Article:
Anisotropy of plasticity and structural transformations under uniaxial tension of iron crystallites

KP Zolnikov and AV Korchuganov and DS Kryzhevich, COMPUTATIONAL MATERIALS SCIENCE, 155, 312-319 (2018).

DOI: 10.1016/j.commatsci.2018.09.004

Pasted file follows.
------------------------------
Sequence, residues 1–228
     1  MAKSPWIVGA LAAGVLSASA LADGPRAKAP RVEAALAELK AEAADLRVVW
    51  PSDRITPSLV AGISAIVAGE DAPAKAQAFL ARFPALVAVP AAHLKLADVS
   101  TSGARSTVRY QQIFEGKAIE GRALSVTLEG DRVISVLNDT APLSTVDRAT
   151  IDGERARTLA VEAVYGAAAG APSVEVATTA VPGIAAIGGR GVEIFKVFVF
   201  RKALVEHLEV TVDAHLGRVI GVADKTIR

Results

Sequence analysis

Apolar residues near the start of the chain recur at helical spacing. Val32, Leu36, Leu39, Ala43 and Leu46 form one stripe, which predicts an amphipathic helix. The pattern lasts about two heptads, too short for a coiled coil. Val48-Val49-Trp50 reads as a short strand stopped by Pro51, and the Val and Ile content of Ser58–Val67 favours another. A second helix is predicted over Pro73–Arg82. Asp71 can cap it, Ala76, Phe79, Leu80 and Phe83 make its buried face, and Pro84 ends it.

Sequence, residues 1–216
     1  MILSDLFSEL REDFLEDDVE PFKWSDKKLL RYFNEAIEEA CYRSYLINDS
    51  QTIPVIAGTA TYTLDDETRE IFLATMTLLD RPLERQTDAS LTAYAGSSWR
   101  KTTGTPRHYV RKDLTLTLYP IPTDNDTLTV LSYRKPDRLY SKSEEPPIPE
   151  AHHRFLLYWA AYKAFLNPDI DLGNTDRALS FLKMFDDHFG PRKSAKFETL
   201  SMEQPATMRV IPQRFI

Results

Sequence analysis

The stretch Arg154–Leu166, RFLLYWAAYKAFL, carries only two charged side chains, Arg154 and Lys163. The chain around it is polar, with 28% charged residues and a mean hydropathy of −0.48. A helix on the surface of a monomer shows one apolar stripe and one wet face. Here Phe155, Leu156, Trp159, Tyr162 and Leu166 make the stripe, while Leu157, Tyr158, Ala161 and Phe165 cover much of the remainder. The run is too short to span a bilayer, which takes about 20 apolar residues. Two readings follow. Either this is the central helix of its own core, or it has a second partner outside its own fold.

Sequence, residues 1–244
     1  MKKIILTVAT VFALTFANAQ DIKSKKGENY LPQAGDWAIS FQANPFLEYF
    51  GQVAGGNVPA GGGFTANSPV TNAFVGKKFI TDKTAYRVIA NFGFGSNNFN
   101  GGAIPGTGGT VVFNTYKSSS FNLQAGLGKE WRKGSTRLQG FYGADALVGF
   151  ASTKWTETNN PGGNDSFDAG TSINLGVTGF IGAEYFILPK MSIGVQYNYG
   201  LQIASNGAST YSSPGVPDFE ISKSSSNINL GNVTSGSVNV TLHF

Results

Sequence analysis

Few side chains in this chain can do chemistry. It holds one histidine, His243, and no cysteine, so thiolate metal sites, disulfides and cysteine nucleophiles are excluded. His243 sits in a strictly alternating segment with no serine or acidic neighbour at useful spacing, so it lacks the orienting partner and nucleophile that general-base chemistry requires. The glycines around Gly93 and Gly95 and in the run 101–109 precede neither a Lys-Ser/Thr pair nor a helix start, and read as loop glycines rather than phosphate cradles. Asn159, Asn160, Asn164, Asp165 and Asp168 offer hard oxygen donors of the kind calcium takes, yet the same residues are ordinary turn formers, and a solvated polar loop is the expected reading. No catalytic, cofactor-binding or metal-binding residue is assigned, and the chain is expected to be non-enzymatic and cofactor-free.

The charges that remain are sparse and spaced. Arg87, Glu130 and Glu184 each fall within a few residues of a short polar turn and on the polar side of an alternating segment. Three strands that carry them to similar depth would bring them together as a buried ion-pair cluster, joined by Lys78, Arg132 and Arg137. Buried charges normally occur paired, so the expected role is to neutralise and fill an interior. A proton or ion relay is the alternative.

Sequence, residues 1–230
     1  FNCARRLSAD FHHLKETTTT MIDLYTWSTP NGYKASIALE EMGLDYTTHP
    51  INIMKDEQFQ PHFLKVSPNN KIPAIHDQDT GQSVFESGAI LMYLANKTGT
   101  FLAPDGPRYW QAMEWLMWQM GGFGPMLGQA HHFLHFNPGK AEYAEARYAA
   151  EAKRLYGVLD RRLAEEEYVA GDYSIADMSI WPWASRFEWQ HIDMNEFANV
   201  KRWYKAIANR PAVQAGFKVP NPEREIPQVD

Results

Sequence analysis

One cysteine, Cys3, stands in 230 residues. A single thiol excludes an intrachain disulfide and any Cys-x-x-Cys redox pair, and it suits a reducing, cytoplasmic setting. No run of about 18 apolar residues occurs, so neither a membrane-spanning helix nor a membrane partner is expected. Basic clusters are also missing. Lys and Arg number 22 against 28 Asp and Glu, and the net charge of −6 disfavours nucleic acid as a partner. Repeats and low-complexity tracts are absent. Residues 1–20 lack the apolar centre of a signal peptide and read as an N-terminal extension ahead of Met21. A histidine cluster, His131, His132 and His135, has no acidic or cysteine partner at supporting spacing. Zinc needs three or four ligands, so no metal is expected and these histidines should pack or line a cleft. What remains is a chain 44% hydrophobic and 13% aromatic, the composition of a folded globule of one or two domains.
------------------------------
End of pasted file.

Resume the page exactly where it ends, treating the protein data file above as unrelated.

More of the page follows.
Molecular dynamics simulation has been performed to investigate the onset and evolution of plasticity in nanosized bcc iron crystallites with different crystallographic orientation under uniaxial tension. Calculations have shown that the onset of plasticity in the iron crystallite is associated with the nucleation of either dislocations or twins. These defects nucleate and grow as a result of structural transformations that locally change the lattice type. In stretching along the 11 (2) over bar direction, plastic deformation begins mainly due to the formation and growth of a single twin, at the front of which the bcc -> fcc -> bcc transformation occurs. Dislocations nucleate in the interior of the twin as the twin grows. In stretching along the 1 (1) over bar0 direction, plasticity results from the formation of a large number of twins in the crystallite. Regions with fcc and hcp lattice structure arise at the front of these twins. With tensile strain increase, the contribution of twinning to the crystallite accommodation decreases because twins transform into dislocations. The onset of plasticity in the sample stretched along the 1 1 1 direction has a pronounced dislocation character. New dislocations appear at existing dislocations through the formation of regions with fcc lattice. A large part of the dislocations escape to the free surfaces during stretching, leaving the crystallite with a cellular dislocation structure and a large number of vacancies. Tension both in the elastic region and above the yield point causes local bcc -> fcc -> bcc transformations in the crystallite. They always occur in regions with increased stresses. The formation of single fcc atoms in the elastic stretching region is of thermal fluctuation nature, and their average lifetime is one atomic vibration period. The lifetime of the fcc atoms at the twin front is determined by the front propagation rate and is about 5 atomic vibration periods.

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